|Publication type:||Conference other|
|Type of review:||No review|
|Title:||Cost impact of the changing role of the general practitioner in trauma care : a decomposition analysis|
|Conference details:||International Health Economics Association (iHEA) World Congress 2019, Basel, Switzerland, 13-17 July 2019|
|Subject (DDC):||362: Health and social services|
|Abstract:||Background: General practitioners (GPs) play an essential role in the Swiss health care system as the primary providers of ambulatory physician care. This also holds for trauma care, where GPs provide initial care in most cases. However, the period 2008 - 2014 saw a marked decrease from 60% to 54% in initial care by a GP while there was an increase from 32% to 38% of cases where a hospital emergency department (ED) became the first point of care. Potential reasons for trauma patients being treated increasingly in EDs rather than by GPs include changes in patient behavior; the skill, readiness, and willingness of GPs to treat trauma patients; and a reduction in GP in and out-of-hours availability. Objectives: Various studies have shown that GPs provide trauma and other health care services more cheaply than EDs do, which raises fears that reductions to a GP’s role might increase costs even further. However, the precise impact on trauma care costs of the change in a GP’s role is not known, and our objective is to analyze how overall trauma care costs are affected. Methods: Based on a claims dataset from the largest Swiss accident insurer (N=2.2 million injury cases between 2008 and 2014), we constructed individual treatment sequences to determine when and from whom patients received care. Using a Blinder-Oaxaca decomposition, we separated the total cost per case increase for the period in question into four parts: (a) due to changing injury characteristics, (b) due to a changing patient population, (c) due to a change in initial care provider and in the GP’s role, and (d) an unexplained part. Results: Overall, changes in the initial care provider account for approximately 25% of the overall cost per case increase for trauma patients between 2008 and 2014. As one might expect, the relative impact is higher for injuries of low to moderate severity than those of high severity. Conclusions: Our study lies at the intersection of health services research and health economics and provides insights into how a change in treatment pathways affects health care costs. In addition, we can show the impact of changes in treatment pathways (in particular, the role GPs play) relative to other cost drivers such as changing patient population or general health care cost increases. Our results can be used to inform strategies on the cost-efficient provision of care for (trauma) patients and ways to mitigate cost increases. Limitations: Our analysis is based on a complete claims dataset from the largest Swiss accident insurer, SUVA. While covering a large share of the active working population, our results are not straightforwardly generalizable to the general population. Furthermore, the injuries reported come from self-administered accident forms whose validity and granularity is limited. Consequently, there may be some unobserved heterogeneity we cannot control for in our analysis.|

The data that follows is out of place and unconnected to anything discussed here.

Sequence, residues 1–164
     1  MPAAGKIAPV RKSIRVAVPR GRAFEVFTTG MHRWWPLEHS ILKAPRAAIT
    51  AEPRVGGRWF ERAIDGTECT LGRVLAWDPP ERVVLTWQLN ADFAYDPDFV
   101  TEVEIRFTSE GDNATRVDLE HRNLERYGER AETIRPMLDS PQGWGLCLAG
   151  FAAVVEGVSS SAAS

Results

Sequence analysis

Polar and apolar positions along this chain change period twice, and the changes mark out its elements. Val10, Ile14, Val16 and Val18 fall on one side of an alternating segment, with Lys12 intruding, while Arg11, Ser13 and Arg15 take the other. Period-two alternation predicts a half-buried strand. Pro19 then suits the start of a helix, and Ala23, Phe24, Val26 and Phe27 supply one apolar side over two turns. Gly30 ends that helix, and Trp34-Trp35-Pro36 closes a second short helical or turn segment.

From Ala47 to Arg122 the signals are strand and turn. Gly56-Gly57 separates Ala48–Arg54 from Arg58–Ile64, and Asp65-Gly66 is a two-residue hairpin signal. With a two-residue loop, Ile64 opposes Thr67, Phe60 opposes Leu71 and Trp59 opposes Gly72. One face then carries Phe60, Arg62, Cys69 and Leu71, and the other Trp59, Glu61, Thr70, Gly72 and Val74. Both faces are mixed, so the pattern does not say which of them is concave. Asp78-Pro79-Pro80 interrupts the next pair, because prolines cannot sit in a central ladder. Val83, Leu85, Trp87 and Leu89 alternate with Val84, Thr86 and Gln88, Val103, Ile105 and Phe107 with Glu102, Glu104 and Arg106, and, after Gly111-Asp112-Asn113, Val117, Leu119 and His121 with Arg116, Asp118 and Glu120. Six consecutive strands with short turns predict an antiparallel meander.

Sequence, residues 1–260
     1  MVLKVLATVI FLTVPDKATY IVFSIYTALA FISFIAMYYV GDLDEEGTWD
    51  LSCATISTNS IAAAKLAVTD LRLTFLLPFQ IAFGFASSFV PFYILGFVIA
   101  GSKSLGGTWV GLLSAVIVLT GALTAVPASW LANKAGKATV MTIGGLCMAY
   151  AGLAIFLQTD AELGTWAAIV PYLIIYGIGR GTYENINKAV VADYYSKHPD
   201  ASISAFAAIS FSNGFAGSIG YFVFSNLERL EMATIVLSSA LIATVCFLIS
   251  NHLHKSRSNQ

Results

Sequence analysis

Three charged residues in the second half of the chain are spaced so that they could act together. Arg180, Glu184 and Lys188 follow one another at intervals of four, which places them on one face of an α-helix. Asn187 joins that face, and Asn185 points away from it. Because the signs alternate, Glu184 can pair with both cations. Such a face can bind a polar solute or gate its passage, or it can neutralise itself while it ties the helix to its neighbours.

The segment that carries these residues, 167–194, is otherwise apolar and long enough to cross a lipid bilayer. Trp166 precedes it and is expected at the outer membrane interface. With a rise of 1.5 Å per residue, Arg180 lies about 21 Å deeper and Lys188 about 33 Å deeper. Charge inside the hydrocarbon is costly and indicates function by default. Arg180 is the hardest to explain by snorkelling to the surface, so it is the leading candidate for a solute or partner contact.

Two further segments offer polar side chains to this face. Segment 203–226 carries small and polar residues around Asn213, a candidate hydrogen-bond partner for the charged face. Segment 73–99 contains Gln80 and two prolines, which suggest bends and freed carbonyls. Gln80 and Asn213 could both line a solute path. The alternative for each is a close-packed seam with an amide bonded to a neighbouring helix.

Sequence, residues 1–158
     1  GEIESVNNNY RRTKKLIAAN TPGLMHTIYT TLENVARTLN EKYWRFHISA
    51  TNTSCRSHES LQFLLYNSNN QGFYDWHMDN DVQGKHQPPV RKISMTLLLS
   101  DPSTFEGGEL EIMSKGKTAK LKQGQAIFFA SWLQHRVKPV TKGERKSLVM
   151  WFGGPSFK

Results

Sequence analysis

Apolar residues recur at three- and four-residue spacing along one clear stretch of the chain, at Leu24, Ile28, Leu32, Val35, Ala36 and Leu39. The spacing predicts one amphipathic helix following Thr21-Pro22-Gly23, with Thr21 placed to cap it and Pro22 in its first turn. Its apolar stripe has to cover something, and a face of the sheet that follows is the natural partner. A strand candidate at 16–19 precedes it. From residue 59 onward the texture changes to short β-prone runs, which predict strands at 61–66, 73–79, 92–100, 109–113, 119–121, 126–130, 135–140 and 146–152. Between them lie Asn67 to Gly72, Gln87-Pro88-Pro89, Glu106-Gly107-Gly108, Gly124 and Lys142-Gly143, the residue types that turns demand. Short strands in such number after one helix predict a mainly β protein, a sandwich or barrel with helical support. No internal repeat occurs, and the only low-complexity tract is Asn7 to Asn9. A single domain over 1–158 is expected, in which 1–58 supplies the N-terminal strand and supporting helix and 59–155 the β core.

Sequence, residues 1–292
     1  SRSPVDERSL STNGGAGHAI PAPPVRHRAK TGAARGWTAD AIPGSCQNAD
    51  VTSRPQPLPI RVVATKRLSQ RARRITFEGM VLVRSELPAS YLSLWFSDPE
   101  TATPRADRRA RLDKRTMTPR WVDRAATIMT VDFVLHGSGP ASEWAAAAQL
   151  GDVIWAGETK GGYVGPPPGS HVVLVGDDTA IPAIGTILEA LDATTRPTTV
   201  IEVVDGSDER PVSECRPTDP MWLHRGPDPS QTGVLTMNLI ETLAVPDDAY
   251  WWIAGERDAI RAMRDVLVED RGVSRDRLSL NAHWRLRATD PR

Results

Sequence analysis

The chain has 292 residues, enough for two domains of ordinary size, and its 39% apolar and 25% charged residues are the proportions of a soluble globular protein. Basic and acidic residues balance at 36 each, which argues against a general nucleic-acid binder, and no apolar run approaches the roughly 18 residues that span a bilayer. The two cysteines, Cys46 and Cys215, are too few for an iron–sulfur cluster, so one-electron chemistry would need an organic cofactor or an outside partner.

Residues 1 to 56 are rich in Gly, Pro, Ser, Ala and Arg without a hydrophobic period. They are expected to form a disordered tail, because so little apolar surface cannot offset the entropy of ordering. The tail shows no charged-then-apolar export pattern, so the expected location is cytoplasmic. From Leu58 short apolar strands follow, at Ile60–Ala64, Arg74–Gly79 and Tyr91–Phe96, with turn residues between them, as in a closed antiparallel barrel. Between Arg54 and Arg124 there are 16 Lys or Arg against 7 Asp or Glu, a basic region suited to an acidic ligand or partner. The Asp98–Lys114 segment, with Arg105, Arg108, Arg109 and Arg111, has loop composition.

|Fulltext version:||Published version|
|License (according to publishing contract):||Licence according to publishing contract|
|Departement:||School of Management and Law|
|Organisational Unit:||Winterthur Institute of Health Economics (WIG)|
|Appears in Collections:||Publikationen School of Management and Law|
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